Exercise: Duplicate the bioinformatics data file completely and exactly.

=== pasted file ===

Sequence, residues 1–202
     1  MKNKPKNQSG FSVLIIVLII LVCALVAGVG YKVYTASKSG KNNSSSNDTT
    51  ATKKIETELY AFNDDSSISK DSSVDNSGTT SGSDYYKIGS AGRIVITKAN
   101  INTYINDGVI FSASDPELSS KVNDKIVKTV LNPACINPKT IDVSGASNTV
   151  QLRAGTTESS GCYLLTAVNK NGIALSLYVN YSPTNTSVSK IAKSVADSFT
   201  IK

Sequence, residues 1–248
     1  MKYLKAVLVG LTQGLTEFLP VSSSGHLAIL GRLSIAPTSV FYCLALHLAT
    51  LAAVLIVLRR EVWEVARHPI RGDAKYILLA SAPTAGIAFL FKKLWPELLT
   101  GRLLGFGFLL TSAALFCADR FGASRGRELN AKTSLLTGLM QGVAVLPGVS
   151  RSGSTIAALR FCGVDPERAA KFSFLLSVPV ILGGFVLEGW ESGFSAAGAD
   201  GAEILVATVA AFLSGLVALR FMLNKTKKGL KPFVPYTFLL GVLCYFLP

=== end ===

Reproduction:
Sequence, residues 1–202
     1  MKNKPKNQSG FSVLIIVLII LVCALVAGVG YKVYTASKSG KNNSSSNDTT
    51  ATKKIETELY AFNDDSSISK DSSVDNSGTT SGSDYYKIGS AGRIVITKAN
   101  INTYINDGVI FSASDPELSS KVNDKIVKTV LNPACINPKT IDVSGASNTV
   151  QLRAGTTESS GCYLLTAVNK NGIALSLYVN YSPTNTSVSK IAKSVADSFT
   201  IK

Sequence, residues 1–248
     1  MKYLKAVLVG LTQGLTEFLP VSSSGHLAIL GRLSIAPTSV FYCLALHLAT
    51  LAAVLIVLRR EVWEVARHPI RGDAKYILLA SAPTAGIAFL FKKLWPELLT
   101  GRLLGFGFLL TSAALFCADR FGASRGRELN AKTSLLTGLM QGVAVLPGVS
   151  RSGSTIAALR FCGVDPERAA KFSFLLSVPV ILGGFVLEGW ESGFSAAGAD
   201  GAEILVATVA AFLSGLVALR FMLNKTKKGL KPFVPYTFLL GVLCYFLP